16:29 PM

Makerspace project to create high and low tech collaborative space in Neumann Library

Donna Elrod is the kind of person who likes to talk to lots of people, come up with a plan and work ahead. She likes to figure out how things can be designed to create something practical, but she’s not the “techy” type. Conversely, her son Andrew is a bit of a procrastinator, much prefers to work alone, and thrives in a tech space.

They work together, not just in University of Houston-Clear Lake’s Alfred R. Neumann Library, but as part of the same cohort in a Master of Library Science program at Texas Woman’s University, set to graduate this summer.

And although their master's degree isn’t from UH-Clear Lake, their final practicum project, which they are completing together, will benefit Hawks in the Neumann Library. The project reflects elements of both their interests and personalities—some creativity along with some art and design skills, and lots of technology.

Donna, who is in her fourth year as the supervisor of Circulation Services in the library, said their final practicum requires students to innovate and implement a new learning opportunity in a library.

“Andrew and I decided to propose creating a makerspace in the Neumann Library,” she said. “There’s a trend in bringing a makerspace into educational settings that include high tech elements as well as ‘low tech,’ which for our project, would include implementing textiles, sewing, fabric, origami, geometrical designs, and even just simple drawings that could translate to creating a model for something bigger.”

A makerspace is a collaborative workspace inside a school, library or work area that is designated for making, learning, exploring or sharing ideas using high tech, low tech, or even no tech tools. Spaces are open to students and have a variety of “maker” equipment, like sewing machines, 3D printers, laser cutters, and the like.

Andrew, who is a copy cataloger in the library, said he had experience with 3D printing and the technology had advanced so much, it was possible to have one in a library or even at home.

“A makerspace serves to further the role of a library,” he said. “It’s a space where emergent and innovative technology is available to people. It’s still expensive, so this is a place to go where you can get access to it free and with support. The impetus is to pursue what you want to do with the technology. There are so many possibilities.”

Donna said that the ideas coming out of a makerspace could have implications reaching as far as NASA. “The creative side of this practicum is what’s in my wheelhouse,” she said.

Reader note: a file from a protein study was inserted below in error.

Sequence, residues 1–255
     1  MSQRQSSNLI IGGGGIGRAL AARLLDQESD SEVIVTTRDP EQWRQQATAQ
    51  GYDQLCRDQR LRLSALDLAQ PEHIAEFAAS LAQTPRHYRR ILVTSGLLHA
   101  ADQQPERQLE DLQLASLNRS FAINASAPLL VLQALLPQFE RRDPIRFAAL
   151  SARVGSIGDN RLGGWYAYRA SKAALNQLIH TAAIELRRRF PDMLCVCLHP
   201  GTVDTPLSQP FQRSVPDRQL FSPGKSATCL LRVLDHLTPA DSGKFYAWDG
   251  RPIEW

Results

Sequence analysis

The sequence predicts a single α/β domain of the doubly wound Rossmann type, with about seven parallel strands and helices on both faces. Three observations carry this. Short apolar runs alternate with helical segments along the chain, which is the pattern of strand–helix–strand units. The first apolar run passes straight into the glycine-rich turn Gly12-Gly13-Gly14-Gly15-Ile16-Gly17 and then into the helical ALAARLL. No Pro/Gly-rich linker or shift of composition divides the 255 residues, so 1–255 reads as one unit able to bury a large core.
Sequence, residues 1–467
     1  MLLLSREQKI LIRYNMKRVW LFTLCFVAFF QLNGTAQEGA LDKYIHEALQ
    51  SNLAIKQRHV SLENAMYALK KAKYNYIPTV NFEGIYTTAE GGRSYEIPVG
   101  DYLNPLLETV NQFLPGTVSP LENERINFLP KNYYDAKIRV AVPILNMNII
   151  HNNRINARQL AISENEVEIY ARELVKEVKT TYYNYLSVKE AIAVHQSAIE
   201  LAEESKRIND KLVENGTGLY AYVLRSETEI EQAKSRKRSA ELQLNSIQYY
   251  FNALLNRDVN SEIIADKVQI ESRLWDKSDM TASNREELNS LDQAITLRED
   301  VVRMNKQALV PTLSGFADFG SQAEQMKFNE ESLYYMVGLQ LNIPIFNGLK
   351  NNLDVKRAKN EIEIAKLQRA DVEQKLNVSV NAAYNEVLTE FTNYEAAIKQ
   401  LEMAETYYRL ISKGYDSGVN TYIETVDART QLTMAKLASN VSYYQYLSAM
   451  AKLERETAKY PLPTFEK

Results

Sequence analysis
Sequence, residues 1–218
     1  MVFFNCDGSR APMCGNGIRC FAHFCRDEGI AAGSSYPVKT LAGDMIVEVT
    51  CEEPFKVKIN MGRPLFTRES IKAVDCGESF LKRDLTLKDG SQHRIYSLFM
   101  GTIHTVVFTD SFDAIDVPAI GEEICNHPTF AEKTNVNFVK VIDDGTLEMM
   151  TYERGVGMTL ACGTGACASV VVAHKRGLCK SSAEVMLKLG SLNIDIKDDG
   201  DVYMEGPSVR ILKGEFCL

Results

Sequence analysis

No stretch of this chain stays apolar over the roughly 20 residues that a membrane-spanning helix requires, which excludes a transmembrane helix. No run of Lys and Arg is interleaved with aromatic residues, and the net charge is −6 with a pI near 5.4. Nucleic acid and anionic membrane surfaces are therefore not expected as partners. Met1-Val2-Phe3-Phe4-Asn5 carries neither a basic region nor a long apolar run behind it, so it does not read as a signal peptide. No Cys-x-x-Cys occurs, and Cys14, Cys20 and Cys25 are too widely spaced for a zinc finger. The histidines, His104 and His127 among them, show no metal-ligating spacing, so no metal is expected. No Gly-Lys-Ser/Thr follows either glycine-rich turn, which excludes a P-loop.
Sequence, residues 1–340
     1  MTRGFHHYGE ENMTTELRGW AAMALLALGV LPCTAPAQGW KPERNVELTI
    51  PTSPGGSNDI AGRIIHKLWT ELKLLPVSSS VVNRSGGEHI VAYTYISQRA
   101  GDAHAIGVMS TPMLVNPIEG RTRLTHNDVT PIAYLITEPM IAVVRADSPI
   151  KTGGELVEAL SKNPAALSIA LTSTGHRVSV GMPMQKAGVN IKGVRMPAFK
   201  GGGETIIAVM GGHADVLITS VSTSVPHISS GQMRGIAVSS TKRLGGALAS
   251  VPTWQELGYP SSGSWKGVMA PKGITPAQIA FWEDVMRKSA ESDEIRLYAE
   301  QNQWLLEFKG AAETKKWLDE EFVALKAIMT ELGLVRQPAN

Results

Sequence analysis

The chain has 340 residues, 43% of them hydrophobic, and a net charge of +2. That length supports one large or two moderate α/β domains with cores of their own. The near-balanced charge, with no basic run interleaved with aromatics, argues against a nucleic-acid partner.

“I can see how some STEM-related projects can translate into something useful,” she explained. “With textiles and sewing, I can see the ties to NASA because their use of parachutes, and even the astronauts’ suits, involve fabric, different kinds of thread and sewing. Everything in NASA’s Neutral Buoyancy Lab are textiles on metal.”

 In a makerspace, she continued, all the tools can be brought together so students have something very STEM-based to start with, and then translate it into something bigger.

 “The possibilities are very exciting,” she said.

“Being able to do it this way speeds up the innovation process,” Andrew said. “If you have an idea, you don’t have to spend money on prototypes. In a makerspace, you can figure out a design that works for free, then you can spend the money where you need to later.”

Donna said that to a UHCL student, the makerspace in the library would look like a space to explore, expand knowledge, collaborate, and find a creative outlet where students might not realize they had one.

“There are no parameters, no box to stay inside,” she said.

They envision the makerspace to be in a collaborative, visible space in the library such as the XR lab or one of the classrooms in which high-tech activity can take place.

“We also envision makerspace ‘pop-ups’ in which for a specific period of time, something will be available in a certain space for students to utilize,” Donna said. “We would place the tools in that space, like sewing machines, 3D printers, or origami projects to start trying it out and get momentum.”

She added that although their approaches were very different in what they could bring to the project, their combined strengths created a well-rounded project.

“We are taking what we’ve learned in our program and applying it here in our library at UHCL,” she said. “We hope that within the next year, students here will benefit from having a makerspace and we believe it will positively impact the future of this space in the library.”

For more information about the Alfred R. Neumann Library, visit www.uhcl.edu/library/.